On selecting an album, you get a tracklisting screen that resembles Ecoute’s and pleasingly lets you tap to play individual tracks without loading fullscreen controls. The mini-player is the only slightly duff component — it has a play/pause button but no gestural skip capabilities. Fortunately, you can use the settings to change the button on the right to ‘skip next’.
When you do venture into the fullscreen controls (tap the mini-player), it’s devoid of cruft. The visual design is far less busy than what you get in rival apps, featuring larger art and no messing about with transparency effects. We like it a lot. This screen also gives you a bunch of buttons: repeat; info; queue; volume; shuffle.
The info button’s a means of accessing song information, but also acts as a quick way to browse tracks by the artist or in the same genre. The queue, though, is a tiny slice of genius. It shows upcoming tracks (usually the rest of the current album or playlist), is editable (so you can move or delete items) and shows the remaining time left to play. But brilliantly, it also retains previously played item names in memory, so you can nip back and find out what that great song was that you heard a while ago. It’s also possible to add to the playlist by dragging tracks or albums all the way to the left in list views. New items are added to the end of the queue, as nature intended.
In many ways, Cesium is our favorite iPhone music player. It’s great for clarity and has some really smart features. If it added gestural controls to the mini-player, it would be just about perfect.
Best for high-end audio
$19.99/£14.99 • v2.1.0 • 43.9 MB • By KORG INC
Open Korg’s music player and you’re faced with a reassuringly expensive dark interface — all black and grey with neon blue glowing icons. It feels a touch retro, subtly echoing a piece of real-world audio kit, which is clearly intentional.
Tap the iPod tab and iAudioGate broadly mirrors the previous two items in this round-up. You switch between tabs to access playlists, artists and songs, and get the usual tracklisting and fullscreen controls views. But on playing a track, it’s evident there are some differences.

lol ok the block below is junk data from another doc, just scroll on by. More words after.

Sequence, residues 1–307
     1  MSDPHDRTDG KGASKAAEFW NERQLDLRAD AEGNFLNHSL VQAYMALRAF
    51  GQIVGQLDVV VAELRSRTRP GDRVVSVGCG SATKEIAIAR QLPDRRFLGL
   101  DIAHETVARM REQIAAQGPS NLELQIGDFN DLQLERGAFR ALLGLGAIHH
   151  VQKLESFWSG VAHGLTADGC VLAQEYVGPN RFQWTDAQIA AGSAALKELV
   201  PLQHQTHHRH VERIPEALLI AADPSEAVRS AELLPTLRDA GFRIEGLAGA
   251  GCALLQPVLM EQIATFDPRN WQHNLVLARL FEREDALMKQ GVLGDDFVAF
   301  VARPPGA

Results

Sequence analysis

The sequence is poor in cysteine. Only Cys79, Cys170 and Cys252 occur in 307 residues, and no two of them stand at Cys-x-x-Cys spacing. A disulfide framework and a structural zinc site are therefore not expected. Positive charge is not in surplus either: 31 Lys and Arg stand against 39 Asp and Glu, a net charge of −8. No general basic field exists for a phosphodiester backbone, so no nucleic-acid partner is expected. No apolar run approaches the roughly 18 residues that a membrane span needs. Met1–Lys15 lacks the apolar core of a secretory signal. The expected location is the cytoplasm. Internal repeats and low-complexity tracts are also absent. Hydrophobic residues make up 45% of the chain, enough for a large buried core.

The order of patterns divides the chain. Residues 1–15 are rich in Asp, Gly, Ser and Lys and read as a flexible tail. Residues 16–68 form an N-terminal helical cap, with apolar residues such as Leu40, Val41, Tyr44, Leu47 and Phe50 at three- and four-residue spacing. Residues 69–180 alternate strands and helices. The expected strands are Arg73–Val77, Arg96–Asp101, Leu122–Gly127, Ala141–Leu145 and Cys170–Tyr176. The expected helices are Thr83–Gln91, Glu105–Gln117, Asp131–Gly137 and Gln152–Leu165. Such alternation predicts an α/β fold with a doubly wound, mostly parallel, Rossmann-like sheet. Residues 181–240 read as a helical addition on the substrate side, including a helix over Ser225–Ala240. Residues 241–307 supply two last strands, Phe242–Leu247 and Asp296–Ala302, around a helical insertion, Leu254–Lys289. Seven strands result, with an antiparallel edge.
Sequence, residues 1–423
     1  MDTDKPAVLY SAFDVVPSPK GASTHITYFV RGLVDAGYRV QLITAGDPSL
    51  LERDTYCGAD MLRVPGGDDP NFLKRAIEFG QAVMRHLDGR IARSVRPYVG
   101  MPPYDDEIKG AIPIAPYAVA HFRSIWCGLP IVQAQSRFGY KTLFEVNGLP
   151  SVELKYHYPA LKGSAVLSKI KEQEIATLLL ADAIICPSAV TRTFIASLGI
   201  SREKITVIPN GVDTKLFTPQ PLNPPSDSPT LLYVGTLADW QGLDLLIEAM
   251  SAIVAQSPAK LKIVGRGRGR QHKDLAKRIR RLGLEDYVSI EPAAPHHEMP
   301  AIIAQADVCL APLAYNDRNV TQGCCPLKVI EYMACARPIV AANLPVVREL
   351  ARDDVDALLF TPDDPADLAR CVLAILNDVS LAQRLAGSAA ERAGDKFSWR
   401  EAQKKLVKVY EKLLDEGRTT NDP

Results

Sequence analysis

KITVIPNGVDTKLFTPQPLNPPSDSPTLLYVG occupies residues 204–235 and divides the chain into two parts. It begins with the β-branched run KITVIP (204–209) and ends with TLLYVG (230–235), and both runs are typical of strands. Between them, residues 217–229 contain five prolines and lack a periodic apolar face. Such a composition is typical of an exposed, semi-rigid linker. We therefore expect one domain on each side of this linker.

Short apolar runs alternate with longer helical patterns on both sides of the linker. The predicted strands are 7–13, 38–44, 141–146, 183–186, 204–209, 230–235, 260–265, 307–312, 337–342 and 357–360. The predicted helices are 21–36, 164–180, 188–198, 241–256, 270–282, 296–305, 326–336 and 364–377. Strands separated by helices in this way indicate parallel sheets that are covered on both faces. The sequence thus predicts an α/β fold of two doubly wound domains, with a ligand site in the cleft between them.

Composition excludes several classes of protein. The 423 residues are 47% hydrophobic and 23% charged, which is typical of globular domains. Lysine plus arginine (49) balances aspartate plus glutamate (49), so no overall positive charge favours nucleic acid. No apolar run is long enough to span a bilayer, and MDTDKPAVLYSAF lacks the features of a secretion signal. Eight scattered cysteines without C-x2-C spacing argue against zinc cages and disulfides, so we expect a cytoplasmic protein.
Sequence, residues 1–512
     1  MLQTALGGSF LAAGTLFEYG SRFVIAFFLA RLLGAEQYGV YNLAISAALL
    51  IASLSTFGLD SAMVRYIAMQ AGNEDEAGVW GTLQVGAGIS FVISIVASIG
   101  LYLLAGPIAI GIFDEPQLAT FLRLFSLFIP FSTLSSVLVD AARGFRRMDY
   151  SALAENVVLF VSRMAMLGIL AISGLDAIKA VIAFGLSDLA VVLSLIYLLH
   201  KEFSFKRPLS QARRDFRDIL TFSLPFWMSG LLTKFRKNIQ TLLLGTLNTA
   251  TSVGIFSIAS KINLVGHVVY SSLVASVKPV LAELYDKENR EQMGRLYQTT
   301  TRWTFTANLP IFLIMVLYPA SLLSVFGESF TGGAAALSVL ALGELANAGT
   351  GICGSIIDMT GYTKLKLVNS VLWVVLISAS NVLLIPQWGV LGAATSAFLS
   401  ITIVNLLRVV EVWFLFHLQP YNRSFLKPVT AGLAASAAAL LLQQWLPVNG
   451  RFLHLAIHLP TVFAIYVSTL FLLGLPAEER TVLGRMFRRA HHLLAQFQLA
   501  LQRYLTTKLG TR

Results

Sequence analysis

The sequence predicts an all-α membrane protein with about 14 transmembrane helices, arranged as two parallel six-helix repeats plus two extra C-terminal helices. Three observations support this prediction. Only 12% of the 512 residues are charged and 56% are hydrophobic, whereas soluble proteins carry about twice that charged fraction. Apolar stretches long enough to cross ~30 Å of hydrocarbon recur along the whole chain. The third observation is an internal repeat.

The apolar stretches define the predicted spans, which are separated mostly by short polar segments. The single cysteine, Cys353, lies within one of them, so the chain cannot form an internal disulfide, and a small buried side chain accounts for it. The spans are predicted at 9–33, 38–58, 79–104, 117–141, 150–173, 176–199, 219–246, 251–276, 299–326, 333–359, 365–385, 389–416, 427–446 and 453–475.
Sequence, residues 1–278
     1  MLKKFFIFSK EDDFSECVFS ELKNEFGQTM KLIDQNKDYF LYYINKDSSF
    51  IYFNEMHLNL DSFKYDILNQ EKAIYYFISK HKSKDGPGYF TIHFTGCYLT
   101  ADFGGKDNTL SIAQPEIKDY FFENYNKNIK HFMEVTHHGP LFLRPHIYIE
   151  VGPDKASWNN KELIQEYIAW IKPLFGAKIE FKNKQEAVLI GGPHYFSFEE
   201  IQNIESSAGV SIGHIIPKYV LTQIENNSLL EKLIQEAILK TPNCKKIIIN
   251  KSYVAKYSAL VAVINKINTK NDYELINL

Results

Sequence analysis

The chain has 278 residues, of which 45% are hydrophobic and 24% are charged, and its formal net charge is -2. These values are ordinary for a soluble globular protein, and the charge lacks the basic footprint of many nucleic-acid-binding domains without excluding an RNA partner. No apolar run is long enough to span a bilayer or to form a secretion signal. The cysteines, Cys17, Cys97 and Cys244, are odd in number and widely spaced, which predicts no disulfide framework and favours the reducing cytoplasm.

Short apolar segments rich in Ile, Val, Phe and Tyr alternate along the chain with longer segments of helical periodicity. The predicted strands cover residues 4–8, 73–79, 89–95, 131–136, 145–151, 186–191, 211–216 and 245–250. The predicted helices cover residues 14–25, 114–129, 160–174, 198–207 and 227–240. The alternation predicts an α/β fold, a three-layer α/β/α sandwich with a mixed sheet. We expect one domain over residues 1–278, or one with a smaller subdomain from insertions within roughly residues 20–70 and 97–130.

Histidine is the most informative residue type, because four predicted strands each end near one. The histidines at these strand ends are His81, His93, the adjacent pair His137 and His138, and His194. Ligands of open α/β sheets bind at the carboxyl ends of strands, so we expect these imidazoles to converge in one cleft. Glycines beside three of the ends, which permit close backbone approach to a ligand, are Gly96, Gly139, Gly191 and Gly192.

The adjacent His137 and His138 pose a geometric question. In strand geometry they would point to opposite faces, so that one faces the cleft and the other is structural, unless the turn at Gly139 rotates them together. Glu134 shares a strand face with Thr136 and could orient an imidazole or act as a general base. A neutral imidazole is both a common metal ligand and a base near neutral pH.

iAudioGate does that ‘immediately flicking to fullscreen controls’ thing we find so irritating, but the screen itself is interesting. You get format and quality information about the current track, and there’s an equalizer button. Activate the equalizer and you can play with sliders to your heart’s content. Korg gives you some presets for boosting bass, treble or vocals, but you can create and save your own. There’s also a gain dial for ramping up the volume.
One thing Korg’s keen on noting about iAudioGate is that it features the company’s proprietary playback engine. This purports to upsample and “reproduce your favorite music with higher quality”. During testing, this didn’t seem to make any difference with compressed MP3s and AACs, but the app also supports high-res formats such as FLAC. There, pristine ears will detect superior quality audio, and everything we chucked at the app played well. Getting high-res tracks into iAudioGate is a minor pain though — you either upload them using iTunes or add them one at a time from iCloud Drive or Dropbox. Quite why there’s no way to grab entire folders of files from cloud storage, we’ve no idea. Additionally, we should note this app appears to ignore iCloud Music Library and choke on downloaded files from that service.
So this is one for audiophiles with local files, and is priced accordingly for the enthusiast. If you just want something to play an existing collection of MP3s or AACs, iAudioGate’s overkill. But if you’re the kind of person who thrives on high-end audio and are willing to brave iTunes to upload a collection, this app’s worth a shot.
$2.99/£2.29 • 1.9 MB • v2.9 • By Charles Joseph
The ‘best of the rest’, Picky broadly echoes Cesium. It’s perhaps a touch less elegant, but has some interesting features, such as filtering the artists list to those with a minimum number of tracks (great for weeding out singles), and superb queuing functionality.
Free • 35.6 MB • v1.4 • By BPMobile
This free app took an age to get going the first time we opened it; but once Musicloud sorts itself out, it’s pretty great. The interface is usable, there’s an equalizer, and it supports FLAC files, which can be imported from Dropbox.
Free • 24.3 MB • v5.0 • By Aditya Rajveer
Another impressive freebie, Marvis is a touch fiddly to use (tiny tabs at the top of the screen), but has a slew of settings if you enjoy customizing your music player experience.
Free • 43.7 MB • v6.2.1 • By musiXmatch srl
Using Apple Music or Spotify as a base, Musixmatch is all about finding and syncing lyrics to what’s currently playing. The lyrics are displayed boldly, although they’re not always accurate.